Table of Contents
- Itch facts
- What is an itch?
- What are associated symptoms and signs of itching (pruritus)?
- What causes itching?
- What causes itching? (Continued)
- How is the cause of itching diagnosed?
- What types of specialists treat itching?
- Should people scratch the itch?
- What are topical itch treatments? Are there any home remedies for itching?
- What are topical itch treatments? Are there any home remedies for itching? (Continued)
- What are oral itch treatments?
- Can itching be prevented?
- When should the doctor be consulted for itching (pruritus)?
- What are possible complications of itching?
- What is the prognosis (outlook) for itching?
Quick GuideRosacea, Acne, Shingles: Common Adult Skin Diseases
How is the cause of itching diagnosed?
As with any condition, a careful medical history and physical examination will suggest to your doctor the particular diagnostic tests that may be needed to determine the cause of itching. Some common causes like dry skin or sunburn may be obvious, while causes such as chronic systemic diseases or conditions may require blood or imaging tests to identify. If a skin condition is responsible for the itch, sometimes a scraping or biopsy may be performed to identify the condition. Nevertheless, many common rashes and skin ailments have a characteristic appearance that may suggest the correct diagnosis.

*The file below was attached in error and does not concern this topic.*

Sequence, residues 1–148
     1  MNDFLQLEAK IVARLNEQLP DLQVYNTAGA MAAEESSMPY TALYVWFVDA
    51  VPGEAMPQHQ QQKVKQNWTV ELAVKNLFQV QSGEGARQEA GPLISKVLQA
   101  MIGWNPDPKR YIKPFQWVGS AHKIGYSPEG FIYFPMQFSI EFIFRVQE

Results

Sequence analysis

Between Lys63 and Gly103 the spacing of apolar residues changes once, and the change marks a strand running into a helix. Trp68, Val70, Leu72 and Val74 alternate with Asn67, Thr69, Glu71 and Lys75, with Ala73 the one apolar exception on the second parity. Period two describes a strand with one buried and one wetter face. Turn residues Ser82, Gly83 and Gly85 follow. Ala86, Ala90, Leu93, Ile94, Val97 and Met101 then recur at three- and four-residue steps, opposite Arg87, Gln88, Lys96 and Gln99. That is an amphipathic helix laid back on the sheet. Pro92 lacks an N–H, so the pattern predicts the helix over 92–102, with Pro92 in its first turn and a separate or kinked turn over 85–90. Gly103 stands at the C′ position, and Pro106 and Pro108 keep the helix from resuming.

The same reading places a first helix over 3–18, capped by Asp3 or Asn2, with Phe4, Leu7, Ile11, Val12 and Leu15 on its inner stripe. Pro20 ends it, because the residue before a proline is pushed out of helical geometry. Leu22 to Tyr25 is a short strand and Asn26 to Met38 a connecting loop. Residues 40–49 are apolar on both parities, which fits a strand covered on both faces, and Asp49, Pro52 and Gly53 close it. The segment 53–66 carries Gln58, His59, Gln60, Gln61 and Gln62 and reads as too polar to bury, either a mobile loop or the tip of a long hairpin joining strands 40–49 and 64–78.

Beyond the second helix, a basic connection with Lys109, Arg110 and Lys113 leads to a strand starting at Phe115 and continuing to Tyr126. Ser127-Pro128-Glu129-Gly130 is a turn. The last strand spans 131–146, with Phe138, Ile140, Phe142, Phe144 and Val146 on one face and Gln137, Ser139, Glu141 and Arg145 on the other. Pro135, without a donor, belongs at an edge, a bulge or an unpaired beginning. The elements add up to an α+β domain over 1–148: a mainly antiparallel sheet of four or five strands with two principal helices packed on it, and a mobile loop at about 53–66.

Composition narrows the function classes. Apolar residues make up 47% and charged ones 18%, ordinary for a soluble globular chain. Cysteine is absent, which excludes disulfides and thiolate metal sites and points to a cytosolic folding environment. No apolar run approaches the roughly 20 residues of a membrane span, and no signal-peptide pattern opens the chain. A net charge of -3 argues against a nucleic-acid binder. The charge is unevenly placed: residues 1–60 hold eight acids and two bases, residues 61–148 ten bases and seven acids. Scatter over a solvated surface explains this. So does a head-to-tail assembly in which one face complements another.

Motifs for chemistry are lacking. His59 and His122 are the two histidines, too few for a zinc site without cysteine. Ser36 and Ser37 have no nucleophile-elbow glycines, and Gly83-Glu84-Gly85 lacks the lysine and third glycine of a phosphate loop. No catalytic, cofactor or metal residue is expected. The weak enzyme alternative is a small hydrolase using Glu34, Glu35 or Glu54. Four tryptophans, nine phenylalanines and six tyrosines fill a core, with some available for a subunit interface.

What types of specialists treat itching?
Because the causes of itch are so varied, many different medical practitioners can be involved in treating itching. Itching is commonly treated by specialists in family medicine, internal medicine, pediatrics, or dermatology. Itching related to allergy may be treated by an allergist or immunologist. Itching related to STDs may be managed by a gynecologist or urologist. An obstetrician-gynecologist may treat women suffering from itching during pregnancy or vaginitis. People with itching due to chronic diseases may be treated by the specialists who manage these conditions, such as endocrinologists, gastorenterologists, nephrologists, oncologists, hematologists, neurologists, and infectious-disease specialists. Some causes of itching are treated by emergency-medicine specialists.
Butler, David F. "Pruritus and Systemic Disease." Medscape.com. Aug. 21, 2014. <http://emedicine.medscape.com/article/1098029-overview>.
Mann, Julianne. "Brachioradial Pruritus." Medscape.com. May 15, 2014. <http://emedicine.medscape.com/article/1355312-overview>.
United States. Centers for Disease Control and Prevention. "Cercarial Dermatitis." Jan. 10, 2012.<http://www.cdc.gov/parasites/swimmersitch/faqs.html>.
United States. National Cancer Institute. "Pruritus." Feb. 5, 2014. <http://www.cancer.gov/cancertopics/pdq/supportivecare/pruritus/Patient/page1>.